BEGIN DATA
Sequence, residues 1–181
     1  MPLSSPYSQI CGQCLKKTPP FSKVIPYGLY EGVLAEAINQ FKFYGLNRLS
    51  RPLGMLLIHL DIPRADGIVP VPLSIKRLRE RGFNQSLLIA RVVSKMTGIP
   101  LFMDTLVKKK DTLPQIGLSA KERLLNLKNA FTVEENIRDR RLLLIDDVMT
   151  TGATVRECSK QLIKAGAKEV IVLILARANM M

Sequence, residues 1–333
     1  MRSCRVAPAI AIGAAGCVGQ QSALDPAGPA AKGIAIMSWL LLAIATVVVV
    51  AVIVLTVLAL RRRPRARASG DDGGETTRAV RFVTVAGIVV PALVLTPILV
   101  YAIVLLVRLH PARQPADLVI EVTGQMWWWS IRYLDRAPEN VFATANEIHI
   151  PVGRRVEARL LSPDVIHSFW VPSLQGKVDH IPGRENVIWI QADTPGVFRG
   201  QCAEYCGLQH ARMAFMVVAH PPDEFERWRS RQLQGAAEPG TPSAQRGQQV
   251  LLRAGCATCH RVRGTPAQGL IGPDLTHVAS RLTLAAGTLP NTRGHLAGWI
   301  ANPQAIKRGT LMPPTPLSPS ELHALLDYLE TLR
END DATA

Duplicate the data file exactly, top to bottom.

Sequence, residues 1–181
     1  MPLSSPYSQI CGQCLKKTPP FSKVIPYGLY EGVLAEAINQ FKFYGLNRLS
    51  RPLGMLLIHL DIPRADGIVP VPLSIKRLRE RGFNQSLLIA RVVSKMTGIP
   101  LFMDTLVKKK DTLPQIGLSA KERLLNLKNA FTVEENIRDR RLLLIDDVMT
   151  TGATVRECSK QLIKAGAKEV IVLILARANM M

Sequence, residues 1–333
     1  MRSCRVAPAI AIGAAGCVGQ QSALDPAGPA AKGIAIMSWL LLAIATVVVV
    51  AVIVLTVLAL RRRPRARASG DDGGETTRAV RFVTVAGIVV PALVLTPILV
   101  YAIVLLVRLH PARQPADLVI EVTGQMWWWS IRYLDRAPEN VFATANEIHI
   151  PVGRRVEARL LSPDVIHSFW VPSLQGKVDH IPGRENVIWI QADTPGVFRG
   201  QCAEYCGLQH ARMAFMVVAH PPDEFERWRS RQLQGAAEPG TPSAQRGQQV
   251  LLRAGCATCH RVRGTPAQGL IGPDLTHVAS RLTLAAGTLP NTRGHLAGWI
   301  ANPQAIKRGT LMPPTPLSPS ELHALLDYLE TLR